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In which I continue to seek part time employment as the ruler of the world.

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Monday October 12 2009

Iain Dale describes some of the preliminary processes of him trying to become MP for Bracknell - if he succeeds, what’s the betting he is known as “Lady Bracknell” from then on? - blogging here about how he earlier blogged about people coming to support him at a preliminary process or event or something, and about how some commenters had complained:

UPDATE: When I posted this originally a few days ago one or two commenters thought it was unfair of me to do so, on the basis that the other candidates haven’t got blogs.

Eh?!?  That’s like saying that Benjamin Disraeli had an “unfair advantage” on account of regularly giving well-attended speeches, or that Ricky Ponting has an unfair advantage as a cricketer on account of being such a good batsman.  If people trying to do politics don’t have blogs, or do but only crap ones, or for that matter don’t do Facebook or Twitter or whatever, and suffer politically as a result, then that’s their lookout.  On the other hand, if the Bracknelian Conservative selectors feel that Dale is pissing all over them with his hoity-toity non-Bracknelian blog, they can pick someone else.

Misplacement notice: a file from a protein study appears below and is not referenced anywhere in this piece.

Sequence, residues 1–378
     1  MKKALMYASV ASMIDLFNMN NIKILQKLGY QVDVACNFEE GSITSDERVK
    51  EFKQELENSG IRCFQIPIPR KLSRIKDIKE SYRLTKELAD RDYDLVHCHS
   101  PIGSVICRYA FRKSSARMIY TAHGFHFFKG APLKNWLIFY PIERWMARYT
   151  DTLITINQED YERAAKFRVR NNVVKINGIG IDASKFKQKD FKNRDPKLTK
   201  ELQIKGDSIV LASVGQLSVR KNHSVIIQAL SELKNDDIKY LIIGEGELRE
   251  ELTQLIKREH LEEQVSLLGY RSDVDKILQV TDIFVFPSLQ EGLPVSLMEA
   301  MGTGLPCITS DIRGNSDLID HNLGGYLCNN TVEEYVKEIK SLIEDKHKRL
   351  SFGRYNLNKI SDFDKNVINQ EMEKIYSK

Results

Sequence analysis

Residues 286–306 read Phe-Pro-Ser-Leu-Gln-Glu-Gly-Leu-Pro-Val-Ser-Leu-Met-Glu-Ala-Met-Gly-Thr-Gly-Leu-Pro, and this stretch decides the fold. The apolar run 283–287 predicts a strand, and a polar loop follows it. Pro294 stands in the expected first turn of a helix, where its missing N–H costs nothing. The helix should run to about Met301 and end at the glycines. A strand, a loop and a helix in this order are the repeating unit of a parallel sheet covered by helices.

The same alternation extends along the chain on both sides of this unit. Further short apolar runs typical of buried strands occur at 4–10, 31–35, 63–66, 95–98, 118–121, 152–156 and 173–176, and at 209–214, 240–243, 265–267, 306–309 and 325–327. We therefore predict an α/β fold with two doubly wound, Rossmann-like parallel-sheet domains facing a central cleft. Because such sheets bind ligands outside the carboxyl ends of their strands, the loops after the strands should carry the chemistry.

It’s called politics.

If Dale does become an MP, it will be interesting to see what happens to his blog.  Will he become a standard issue grovelling backbencher and in due course (perhaps) a ditto frontbencher, or will he remain his own man and his own blogger?  Personally, I’d like to see more people become MPs with no intention of climbing any higher up the greasy pole, just being good backbenchers, holding the frontbenchers to account, by asking actual question type questions and investigating stuff that seems wrong.  Now Parliament just seems to be a huge queue to get the real jobs, and even the real jobs to be just another smaller queue to become Prime Minister, despite the fact that at least half the Prime Ministers fail miserably.

There was a time when MPs could get elected on their own merits.  Now, it’s almost entirely down to party label.  So, they toe the line.

Why the change?  Mass media I’d guess.

I think democracy also to bear some of the responsibility.  In the 19th century parliament took over the legislature.  So, now we elect governments not representatives.

You’ve also probably got to factor in the bans on bribery and open voting.

I think Dale will have turned into a robot within 6 nanoseconds.

Posted by Patrick Crozier on 12 October 2009

Patrick, I aim to prove you wrong.

Posted by Iain Dale on 12 October 2009

I am afraid Lady Bracknell will stick to him like glue. Certainly popped into my head about two seconds after the shortlist was announced. Steve Nallon could “do” him wonderfully.